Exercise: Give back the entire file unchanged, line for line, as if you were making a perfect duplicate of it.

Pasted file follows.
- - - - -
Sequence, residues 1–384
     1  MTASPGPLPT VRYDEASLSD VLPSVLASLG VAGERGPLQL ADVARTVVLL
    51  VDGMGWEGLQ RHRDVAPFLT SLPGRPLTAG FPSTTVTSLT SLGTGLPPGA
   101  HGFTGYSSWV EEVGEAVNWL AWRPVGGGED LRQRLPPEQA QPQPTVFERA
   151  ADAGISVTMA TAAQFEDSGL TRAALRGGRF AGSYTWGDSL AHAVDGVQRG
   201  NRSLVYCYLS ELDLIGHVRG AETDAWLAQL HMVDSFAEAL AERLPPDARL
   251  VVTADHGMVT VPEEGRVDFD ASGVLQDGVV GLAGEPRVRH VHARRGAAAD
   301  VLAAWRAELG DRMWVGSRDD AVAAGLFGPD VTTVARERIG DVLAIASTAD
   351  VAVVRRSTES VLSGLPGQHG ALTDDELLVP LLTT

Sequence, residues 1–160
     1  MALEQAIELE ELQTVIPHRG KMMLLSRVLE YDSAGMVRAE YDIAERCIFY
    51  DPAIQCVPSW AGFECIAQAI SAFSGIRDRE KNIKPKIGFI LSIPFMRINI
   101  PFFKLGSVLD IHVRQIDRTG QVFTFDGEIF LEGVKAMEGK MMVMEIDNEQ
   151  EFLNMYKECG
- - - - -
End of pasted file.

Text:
Sequence, residues 1–384
     1  MTASPGPLPT VRYDEASLSD VLPSVLASLG VAGERGPLQL ADVARTVVLL
    51  VDGMGWEGLQ RHRDVAPFLT SLPGRPLTAG FPSTTVTSLT SLGTGLPPGA
   101  HGFTGYSSWV EEVGEAVNWL AWRPVGGGED LRQRLPPEQA QPQPTVFERA
   151  ADAGISVTMA TAAQFEDSGL TRAALRGGRF AGSYTWGDSL AHAVDGVQRG
   201  NRSLVYCYLS ELDLIGHVRG AETDAWLAQL HMVDSFAEAL AERLPPDARL
   251  VVTADHGMVT VPEEGRVDFD ASGVLQDGVV GLAGEPRVRH VHARRGAAAD
   301  VLAAWRAELG DRMWVGSRDD AVAAGLFGPD VTTVARERIG DVLAIASTAD
   351  VAVVRRSTES VLSGLPGQHG ALTDDELLVP LLTT

Sequence, residues 1–160
     1  MALEQAIELE ELQTVIPHRG KMMLLSRVLE YDSAGMVRAE YDIAERCIFY
    51  DPAIQCVPSW AGFECIAQAI SAFSGIRDRE KNIKPKIGFI LSIPFMRINI
   101  PFFKLGSVLD IHVRQIDRTG QVFTFDGEIF LEGVKAMEGK MMVMEIDNEQ
   151  EFLNMYKECG